Once every six months the runways of New York, Milan, Tokyo, and Paris are flooded with new creation from some of the worlds brightest and most talented fashion designers. Glamorous dresses, exotic bags, and magical shoes (so high we can only dream about walking in them), parade up and down the catwalks inspiring an elite group of editors and buyers; responsible for determining the so called "trends" of the season. Fashionistas worldwide oogle over the thought of draping themselves in the most current accouterments from designers such as Missoni, Givenchy, and Yves Saint Laurent. And yet, at the end of the day, when the tents come down, and all the models are fast asleep in their beds, the majority of us still prefer to hit the streets in our favorite pair of jeans.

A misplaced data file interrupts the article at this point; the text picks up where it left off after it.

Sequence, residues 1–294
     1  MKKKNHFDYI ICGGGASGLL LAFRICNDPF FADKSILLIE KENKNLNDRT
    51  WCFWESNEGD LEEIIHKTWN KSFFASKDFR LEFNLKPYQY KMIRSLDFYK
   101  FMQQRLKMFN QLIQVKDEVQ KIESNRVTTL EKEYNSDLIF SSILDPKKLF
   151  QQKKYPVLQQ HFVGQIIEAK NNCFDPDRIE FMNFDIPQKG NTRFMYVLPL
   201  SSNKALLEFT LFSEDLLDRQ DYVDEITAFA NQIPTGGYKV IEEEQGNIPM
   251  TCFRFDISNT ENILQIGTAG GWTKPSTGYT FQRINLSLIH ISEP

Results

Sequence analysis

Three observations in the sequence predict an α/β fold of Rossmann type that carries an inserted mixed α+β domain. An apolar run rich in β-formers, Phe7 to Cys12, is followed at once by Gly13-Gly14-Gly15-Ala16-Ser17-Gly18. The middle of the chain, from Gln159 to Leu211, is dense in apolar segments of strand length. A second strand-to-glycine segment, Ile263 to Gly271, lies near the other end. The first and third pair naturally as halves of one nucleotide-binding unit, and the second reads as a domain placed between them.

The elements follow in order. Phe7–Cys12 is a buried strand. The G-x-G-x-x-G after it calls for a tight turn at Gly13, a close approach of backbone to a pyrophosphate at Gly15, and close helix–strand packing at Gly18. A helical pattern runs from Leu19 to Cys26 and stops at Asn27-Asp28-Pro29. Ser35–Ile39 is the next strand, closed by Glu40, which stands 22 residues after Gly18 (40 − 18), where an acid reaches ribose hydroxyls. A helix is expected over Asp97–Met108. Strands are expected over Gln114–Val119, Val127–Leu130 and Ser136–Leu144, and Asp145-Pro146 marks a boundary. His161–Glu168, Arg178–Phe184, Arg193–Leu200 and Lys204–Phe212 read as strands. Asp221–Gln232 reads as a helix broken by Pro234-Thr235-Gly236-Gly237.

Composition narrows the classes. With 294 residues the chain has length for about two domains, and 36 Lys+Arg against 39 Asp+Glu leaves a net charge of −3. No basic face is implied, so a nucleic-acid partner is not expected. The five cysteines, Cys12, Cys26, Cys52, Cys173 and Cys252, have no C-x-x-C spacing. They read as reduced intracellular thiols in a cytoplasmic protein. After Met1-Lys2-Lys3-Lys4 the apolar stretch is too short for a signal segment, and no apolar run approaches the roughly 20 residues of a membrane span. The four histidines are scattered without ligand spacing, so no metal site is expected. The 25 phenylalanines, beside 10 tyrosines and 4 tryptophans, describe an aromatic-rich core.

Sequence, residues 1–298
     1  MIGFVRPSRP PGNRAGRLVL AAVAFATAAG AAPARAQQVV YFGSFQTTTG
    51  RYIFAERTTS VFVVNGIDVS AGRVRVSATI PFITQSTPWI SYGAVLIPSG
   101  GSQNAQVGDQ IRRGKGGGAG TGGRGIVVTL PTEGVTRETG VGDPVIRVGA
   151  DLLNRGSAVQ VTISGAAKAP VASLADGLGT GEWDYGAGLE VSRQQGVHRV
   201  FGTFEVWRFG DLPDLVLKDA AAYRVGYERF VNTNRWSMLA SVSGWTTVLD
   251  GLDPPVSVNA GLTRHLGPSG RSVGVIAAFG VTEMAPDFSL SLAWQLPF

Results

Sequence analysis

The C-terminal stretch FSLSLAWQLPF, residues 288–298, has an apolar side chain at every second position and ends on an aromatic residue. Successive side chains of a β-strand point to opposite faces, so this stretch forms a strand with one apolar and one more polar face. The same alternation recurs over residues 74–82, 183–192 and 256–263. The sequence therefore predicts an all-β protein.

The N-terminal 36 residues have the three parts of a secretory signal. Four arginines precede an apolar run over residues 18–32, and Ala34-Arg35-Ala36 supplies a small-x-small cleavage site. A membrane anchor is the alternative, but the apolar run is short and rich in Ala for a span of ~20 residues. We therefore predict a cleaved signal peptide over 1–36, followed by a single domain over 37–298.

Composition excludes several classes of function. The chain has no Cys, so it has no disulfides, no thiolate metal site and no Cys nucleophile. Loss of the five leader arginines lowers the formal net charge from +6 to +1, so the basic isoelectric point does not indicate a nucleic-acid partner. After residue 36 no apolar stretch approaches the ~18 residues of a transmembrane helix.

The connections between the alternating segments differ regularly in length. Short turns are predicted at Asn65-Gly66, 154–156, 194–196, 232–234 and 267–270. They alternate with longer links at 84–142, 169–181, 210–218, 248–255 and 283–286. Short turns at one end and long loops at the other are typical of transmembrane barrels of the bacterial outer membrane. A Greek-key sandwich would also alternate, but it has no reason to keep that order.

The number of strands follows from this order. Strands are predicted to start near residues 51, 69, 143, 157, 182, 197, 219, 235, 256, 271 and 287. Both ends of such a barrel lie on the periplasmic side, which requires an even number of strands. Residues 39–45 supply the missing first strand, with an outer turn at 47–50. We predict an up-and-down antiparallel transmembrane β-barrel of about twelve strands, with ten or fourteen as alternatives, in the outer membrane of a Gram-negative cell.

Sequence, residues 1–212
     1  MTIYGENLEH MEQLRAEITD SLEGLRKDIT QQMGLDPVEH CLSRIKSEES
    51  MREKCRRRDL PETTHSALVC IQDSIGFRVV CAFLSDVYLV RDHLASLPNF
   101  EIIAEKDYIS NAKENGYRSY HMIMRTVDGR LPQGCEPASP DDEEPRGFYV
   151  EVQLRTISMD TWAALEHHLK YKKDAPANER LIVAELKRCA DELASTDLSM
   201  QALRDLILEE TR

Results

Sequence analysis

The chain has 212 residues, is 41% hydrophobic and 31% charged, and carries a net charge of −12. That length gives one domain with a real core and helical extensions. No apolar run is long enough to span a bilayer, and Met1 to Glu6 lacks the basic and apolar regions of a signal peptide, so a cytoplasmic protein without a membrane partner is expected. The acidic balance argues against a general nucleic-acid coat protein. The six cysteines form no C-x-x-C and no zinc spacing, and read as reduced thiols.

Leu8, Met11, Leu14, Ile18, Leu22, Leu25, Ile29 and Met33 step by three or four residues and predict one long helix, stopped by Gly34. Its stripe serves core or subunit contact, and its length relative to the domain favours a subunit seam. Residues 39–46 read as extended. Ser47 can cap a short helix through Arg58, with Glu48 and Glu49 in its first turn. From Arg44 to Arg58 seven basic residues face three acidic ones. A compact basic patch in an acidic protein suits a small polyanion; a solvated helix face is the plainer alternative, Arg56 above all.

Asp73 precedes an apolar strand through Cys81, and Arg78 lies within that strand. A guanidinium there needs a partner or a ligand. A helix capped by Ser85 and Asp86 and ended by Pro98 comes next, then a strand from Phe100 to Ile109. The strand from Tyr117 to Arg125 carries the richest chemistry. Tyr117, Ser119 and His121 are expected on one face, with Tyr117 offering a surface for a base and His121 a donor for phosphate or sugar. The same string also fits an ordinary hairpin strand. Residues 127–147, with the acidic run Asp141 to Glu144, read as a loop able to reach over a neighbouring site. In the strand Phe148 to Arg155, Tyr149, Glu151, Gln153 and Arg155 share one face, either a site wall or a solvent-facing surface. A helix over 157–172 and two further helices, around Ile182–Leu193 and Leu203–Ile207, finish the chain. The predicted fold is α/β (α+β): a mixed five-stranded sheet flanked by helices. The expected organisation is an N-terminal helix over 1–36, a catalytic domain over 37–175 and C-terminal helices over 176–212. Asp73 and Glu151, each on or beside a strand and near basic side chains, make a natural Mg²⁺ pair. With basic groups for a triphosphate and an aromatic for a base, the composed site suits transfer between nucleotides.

Jeans were first developed by Levi Strauss and his partner Jacob Davis, as a workman's pant during the California Gold Rush in 1873. The durability of denim combined with duos patented rivet reinforcements made the Levi's jeans widely popular among the workforce in the 1800's, but it took almost 90 more years for denim to take off as a fashion staple. It's adoption is credited to the baby-boomers, who in the 1960's started working denim into their everyday wardrobes. Since then denim has morphed into a multi billion dollar industry, and is now produced by thousands of brand name labels to include everyone from the Gap, to Seven for All Mankind. Denim is quite possible, the most persistent trend of all time, rightfully considered to be the foundation on which most wardrobes are built. And thanks to its great versatility in color, style, fit, and design everyone can wear denim and still express their own unique style and individuality. Continue reading